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Students at Leiden University Medical Centre (LUMC) have the opportunity to go abroad during their studies. Learning or working in a foreign cultural environment enriches their development and can serve them well once they become a professional. In this article, three students talk about their experiences abroad.
Students from the Kilimanjaro Christian Medical Centre (KCMC) in Tanzania and Leiden University Medical Centre (LUMC) pose for a group photo.
LUMC has invested significantly in setting up this study abroad program in recent years, ensuring that the experience is not just a fun trip, but provides a steep, scientific learning curve. This applies to both LUMC students and the local students and supervisors who participate. LUMC lecturers and coordinators travel along and thereby exchange teaching experiences with lecturers in the host countries.
During the third year of the various bachelor’s programs at LUMC, students can do an elective course in Cuba, Indonesia or Tanzania. In those countries, they conduct research for four weeks and work with local colleagues to conduct fieldwork, lab and data analysis. Students also write a paper and present their research results at the partner university and upon their return to LUMC.
The 20-year-old Sem Teeken (photo right) is a Biomedical Sciences student. He reports from Cuba:
“The opportunity to go abroad was one of the main reasons for me to study in Leiden. In order to experience (bio)medical science from a broader, global perspective. I chose to do the half minor Global Health Cuba. You first take a few weeks of classes in the Netherlands and then spend a month in Cuba.”
The program consists of visits to general practices, hospitals and various specialist institutions. This allows you to have a lot of contact with patients, attend surgeries and experience deliveries. Furthermore, we work with a buddy on a research project and conduct interviews with Cubans.”
“On the weekends, we take fun trips around the island. When you are aware that the situation in Cuba is totally different than in the Netherlands, and you are able to open yourself up to this, it is a great experience and a real addition to the study programme.”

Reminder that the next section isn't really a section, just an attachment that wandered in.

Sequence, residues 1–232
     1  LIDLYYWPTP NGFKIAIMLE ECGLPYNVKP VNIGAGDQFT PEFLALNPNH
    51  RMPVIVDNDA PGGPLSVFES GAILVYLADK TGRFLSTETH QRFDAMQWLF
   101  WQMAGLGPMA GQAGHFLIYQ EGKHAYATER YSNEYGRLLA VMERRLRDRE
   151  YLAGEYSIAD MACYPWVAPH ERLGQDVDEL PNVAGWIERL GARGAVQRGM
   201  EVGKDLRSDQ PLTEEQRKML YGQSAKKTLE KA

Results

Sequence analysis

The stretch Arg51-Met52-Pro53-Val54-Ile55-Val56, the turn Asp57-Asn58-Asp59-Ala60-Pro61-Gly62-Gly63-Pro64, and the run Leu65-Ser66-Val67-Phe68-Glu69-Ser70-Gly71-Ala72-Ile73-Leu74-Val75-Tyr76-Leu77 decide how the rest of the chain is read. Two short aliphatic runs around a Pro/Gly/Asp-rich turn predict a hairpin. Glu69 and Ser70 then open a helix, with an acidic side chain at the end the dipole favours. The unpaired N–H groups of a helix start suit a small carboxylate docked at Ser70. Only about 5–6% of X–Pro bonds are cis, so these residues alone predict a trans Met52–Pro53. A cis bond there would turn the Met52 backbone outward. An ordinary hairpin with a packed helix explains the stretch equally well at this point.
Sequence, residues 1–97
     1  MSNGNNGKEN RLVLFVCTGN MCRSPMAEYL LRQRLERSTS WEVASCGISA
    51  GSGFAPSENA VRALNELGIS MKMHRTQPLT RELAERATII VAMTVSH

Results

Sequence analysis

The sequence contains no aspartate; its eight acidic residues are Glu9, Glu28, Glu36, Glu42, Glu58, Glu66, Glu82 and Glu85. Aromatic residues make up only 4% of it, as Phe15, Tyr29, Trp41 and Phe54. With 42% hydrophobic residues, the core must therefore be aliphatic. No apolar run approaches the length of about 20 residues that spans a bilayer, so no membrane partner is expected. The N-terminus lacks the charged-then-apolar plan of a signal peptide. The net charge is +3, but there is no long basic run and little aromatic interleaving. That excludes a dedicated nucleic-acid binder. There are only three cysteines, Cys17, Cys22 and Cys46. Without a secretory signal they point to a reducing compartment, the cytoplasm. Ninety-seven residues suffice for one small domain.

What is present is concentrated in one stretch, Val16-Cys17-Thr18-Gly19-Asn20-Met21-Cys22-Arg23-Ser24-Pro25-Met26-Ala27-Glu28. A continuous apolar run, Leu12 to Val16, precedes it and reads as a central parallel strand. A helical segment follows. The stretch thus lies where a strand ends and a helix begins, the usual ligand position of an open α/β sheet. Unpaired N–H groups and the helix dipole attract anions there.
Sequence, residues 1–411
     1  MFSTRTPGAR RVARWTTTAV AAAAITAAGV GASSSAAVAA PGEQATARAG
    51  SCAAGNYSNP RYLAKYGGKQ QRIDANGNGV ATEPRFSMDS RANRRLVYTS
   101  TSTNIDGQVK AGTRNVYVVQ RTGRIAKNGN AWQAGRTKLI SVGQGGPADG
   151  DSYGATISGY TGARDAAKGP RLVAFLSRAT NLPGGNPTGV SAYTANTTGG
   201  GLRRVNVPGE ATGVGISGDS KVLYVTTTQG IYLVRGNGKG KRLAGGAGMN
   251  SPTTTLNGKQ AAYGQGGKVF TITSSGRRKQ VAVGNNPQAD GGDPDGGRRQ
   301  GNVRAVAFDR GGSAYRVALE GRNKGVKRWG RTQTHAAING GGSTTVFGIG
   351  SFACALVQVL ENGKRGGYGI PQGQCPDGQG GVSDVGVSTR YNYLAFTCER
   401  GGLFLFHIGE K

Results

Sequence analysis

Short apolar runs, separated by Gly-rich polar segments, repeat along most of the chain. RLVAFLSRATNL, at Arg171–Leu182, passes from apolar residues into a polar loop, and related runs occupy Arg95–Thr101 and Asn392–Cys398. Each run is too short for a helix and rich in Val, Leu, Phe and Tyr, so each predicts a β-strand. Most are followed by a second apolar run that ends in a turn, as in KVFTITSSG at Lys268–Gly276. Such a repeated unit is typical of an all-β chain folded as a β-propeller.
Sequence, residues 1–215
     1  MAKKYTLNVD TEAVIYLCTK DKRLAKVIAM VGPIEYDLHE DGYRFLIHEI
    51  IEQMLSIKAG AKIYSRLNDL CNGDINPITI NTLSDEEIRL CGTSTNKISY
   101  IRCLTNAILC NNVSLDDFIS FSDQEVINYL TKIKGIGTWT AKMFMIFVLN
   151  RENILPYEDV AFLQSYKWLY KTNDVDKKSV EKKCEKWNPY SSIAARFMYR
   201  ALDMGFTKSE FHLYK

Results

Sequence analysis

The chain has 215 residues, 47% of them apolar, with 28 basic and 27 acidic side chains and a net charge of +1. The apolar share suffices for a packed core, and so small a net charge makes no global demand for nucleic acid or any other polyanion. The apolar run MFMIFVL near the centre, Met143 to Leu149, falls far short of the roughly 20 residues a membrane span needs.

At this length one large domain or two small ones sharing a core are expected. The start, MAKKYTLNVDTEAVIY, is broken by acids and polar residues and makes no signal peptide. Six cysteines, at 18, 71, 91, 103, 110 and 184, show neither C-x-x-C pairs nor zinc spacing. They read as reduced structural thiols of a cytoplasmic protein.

Jet Vroemen (20) is a medical student. She writes from Tanzania:
“I chose to join this half minor program in Infections in Health and Disease in Tanzania because I thought it was a very special and exciting opportunity to see what the medical world in Tanzania would be like. I hoped to learn a lot from the Tanzanian students participating in the program and also explore the Tanzanian culture.”
“The Tanzanian and Dutch supervisors guided us through the whole program. The Tanzanian students were very welcoming and made us feel like we could ask anything.”
“We went to four secondary schools in and around the city of Moshi to do fieldwork. We learned a lot from talking to school children and doing medical check-up tests. Then we had to come up with our own research question, analyze the collected samples and process them in the lab. This was all new, but very educative because the researchers helped us with the challenges we faced.”
Puck Versteegh (20) is a Biomedical Sciences student. She writes from Indonesia:
“For my half minor, I chose Infections in Health and Diseases in Indonesia. During the minor, you first get lessons in the Netherlands about infectious diseases. Then you go to the Indonesian city of Makassar for four weeks to research parasitic infections in children on your own.”
“That research starts with collecting samples and data in schools. Then you will process these samples yourself in the lab (photo left). Finally, you do a data analysis to come to a conclusion and write a paper.”
“Indonesian students also join the studies. It was very fun and educational to work with people from a different culture, of which you also get to know more that way. During the minor you have to work hard, but fortunately there is still time on the weekends for fun trips.”
The students returned this week. On Friday, Nov. 10, the students from Indonesia and Tanzania will present their research results at a final symposium and give poster presentations in the foyer of the education building (Building 3). Interested parties are welcome to come and watch between 1:30 and 3:30 pm.
Long have we awaited the moment that we could welcome international students at the LUMC again. Due to COVID, all student mobility was cancelled for over 1,5 years. And despite still having regulations in place, especially during the first semester of the academic year 2021-2022, it was refreshing to cautiously welcome international students again. We’re so pleased to see that the students who came to Leiden had a fun, meaningful and above all, educational experience. In a questionnaire, they’ve given us an insight into how they experienced student mobility during these strange times.
Twice a year, the Research Mobility Fellowships of the European Joint Programme on Rare Diseases (EJP RD) from the European Reference Networks (ERN) get awarded to prominent researchers or MDs to develop new skills and expertise in a European institution specialized in research on rare diseases.
On May 30th, international experts and politicians gathered in Leiden to discuss global health issues during the Global Impact in Health Symposium. Lively discussions were held on matters concerning equal worldwide access to vaccines and diversity within clinical research. New scientific insights were also shared, including on vaccine response differences between African and European populations. Missed the event? Check out the after movie and get in touch!